Seattle is Kicking Off its Next Phase as a Destination of Innovation
Author: Jennifer N. Dienst
This article was first published on PCMA.org; November 19, 2021
Natural light will play a prominent role in the design of Seattle Convention Center’s new Summit building, with a view of that famous Seattle skyline. LMN Architects
As a city that continues to grow and innovate, Seattle has much to look forward to in the coming years with an array of projects nearing completion. Among these is the largest expansion in the city’s convention center’s history, which will come to fruition with the debut of the $1.9-billion Summit building in January 2023.
Attendees meeting at the Summit will find some of Seattle’s most popular sights, including Pike Place Market, within easy walking distance. LMN Architects
The expansion is a long time coming for the Seattle Convention Center (SCC). In the past, the SCC had to turn away more business than it could book due to date availability. But the addition of the Summit will allow the destination to not only secure business it once couldn’t accommodate, but also allow Seattle to keep pace with its current roster of business events that continually see upticks in attendance. Currently, the Summit has 32 national conventions scheduled from 2023 to 2026.
“This will increase our ability to say ‘yes,’” said Jeffrey A. Blosser, president and CEO of SCC, in December 2019, when Convene was on site to write about the National Association of Independent Schools’ (NAIS) People of Color Conference (PoCC) and the NAIS Student Diversity Leadership Conference — both of which broke their previous attendance records.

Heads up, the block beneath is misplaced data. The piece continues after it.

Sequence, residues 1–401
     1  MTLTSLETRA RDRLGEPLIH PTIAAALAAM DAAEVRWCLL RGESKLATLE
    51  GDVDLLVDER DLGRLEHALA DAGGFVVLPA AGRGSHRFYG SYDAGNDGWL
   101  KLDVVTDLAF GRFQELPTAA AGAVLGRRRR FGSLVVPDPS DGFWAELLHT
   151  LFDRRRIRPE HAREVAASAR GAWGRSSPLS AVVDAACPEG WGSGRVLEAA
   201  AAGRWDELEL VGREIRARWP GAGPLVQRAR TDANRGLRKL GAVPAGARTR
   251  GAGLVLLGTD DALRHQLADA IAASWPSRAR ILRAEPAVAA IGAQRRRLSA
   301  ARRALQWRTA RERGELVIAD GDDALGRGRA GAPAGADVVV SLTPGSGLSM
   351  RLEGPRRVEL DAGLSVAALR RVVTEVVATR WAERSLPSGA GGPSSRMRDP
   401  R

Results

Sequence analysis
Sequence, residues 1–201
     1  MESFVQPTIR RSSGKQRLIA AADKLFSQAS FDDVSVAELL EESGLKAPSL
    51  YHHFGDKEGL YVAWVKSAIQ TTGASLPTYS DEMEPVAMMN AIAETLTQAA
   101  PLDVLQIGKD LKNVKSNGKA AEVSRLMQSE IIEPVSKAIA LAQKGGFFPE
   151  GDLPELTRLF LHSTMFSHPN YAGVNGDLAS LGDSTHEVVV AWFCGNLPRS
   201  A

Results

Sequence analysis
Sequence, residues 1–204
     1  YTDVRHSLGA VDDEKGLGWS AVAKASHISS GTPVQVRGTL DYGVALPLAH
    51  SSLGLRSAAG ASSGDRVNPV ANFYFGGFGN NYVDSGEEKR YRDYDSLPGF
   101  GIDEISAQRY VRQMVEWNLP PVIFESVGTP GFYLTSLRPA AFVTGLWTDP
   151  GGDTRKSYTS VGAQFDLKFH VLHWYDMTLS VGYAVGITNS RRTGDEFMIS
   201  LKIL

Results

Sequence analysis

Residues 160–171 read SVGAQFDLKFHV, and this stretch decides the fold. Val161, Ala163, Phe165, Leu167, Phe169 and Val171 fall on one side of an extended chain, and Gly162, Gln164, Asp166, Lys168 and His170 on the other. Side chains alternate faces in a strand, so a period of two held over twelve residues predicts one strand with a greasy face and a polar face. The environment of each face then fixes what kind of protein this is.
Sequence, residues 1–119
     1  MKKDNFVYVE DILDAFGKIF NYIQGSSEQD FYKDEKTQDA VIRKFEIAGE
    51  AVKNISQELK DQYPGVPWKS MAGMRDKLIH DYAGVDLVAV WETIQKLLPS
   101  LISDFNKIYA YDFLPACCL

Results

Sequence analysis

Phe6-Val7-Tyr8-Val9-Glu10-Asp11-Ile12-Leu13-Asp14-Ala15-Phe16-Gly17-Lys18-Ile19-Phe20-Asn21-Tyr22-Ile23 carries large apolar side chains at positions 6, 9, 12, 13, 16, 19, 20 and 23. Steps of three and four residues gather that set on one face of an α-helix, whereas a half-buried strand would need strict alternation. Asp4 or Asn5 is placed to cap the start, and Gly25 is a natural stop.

Just one-and-a-half blocks northeast of SCC’s existing Arch building, the Summit will have close to 250,000 square feet of total exhibit space, just shy of 100,000 square feet of total meeting space, and a 58,000-square-foot ballroom. In addition, the facility will have an extra 145,000 square feet of lobby space to work with and 27,000 square feet of useable space in varying capacities (including a garden). All told, the Summit will offer more than 570,000 square feet of event space.
The Summit will do more than just increase the SCC’s capacity, it will also elevate the SCC’s commitment to sustainability by achieving LEED Gold certification as well as create a more intentional connection with the surrounding neighborhood with a glass atrium, a rooftop garden terrace, and a cascading stair climb — the feature for which the building is named — that will look down at Seattle’s iconic Pike Place Market.
The new build will also benefit the community — $93 million of the Summit’s funding is going toward a community benefits package, which will increase mobility within the downtown core, enhance economic opportunities, and provide affordable housing for residents as well as parks and open spaces.